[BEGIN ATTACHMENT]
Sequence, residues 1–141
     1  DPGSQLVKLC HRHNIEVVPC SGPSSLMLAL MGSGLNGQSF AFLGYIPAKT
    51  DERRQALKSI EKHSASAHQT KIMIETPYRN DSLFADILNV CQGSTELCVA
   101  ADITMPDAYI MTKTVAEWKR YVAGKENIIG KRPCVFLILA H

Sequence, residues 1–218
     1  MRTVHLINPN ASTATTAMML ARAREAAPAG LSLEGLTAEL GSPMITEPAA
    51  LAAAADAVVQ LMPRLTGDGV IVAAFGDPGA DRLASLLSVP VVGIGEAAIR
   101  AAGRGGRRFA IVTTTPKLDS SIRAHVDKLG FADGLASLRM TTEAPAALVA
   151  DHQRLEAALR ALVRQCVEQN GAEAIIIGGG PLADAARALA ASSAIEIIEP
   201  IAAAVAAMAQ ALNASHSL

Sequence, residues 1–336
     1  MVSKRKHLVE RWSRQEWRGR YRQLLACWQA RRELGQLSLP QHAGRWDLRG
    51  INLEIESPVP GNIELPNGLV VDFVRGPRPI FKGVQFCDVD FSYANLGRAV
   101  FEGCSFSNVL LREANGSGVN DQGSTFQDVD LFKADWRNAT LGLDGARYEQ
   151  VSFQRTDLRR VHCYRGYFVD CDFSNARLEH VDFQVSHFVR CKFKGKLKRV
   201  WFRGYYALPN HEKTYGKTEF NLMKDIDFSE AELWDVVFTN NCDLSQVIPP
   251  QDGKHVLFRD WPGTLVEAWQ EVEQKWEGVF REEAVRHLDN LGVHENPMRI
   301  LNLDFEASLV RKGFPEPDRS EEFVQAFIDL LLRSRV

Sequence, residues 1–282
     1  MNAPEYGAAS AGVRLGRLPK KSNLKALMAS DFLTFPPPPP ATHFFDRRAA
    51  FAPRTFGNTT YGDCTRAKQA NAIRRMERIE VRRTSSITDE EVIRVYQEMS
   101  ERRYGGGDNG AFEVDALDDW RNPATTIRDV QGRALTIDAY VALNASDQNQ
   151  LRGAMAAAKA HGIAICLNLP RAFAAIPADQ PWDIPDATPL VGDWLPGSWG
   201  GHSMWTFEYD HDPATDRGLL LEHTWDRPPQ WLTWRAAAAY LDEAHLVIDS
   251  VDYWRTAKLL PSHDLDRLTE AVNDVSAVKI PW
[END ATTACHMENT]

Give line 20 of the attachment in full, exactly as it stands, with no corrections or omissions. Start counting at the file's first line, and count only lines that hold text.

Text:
     1  MNAPEYGAAS AGVRLGRLPK KSNLKALMAS DFLTFPPPPP ATHFFDRRAA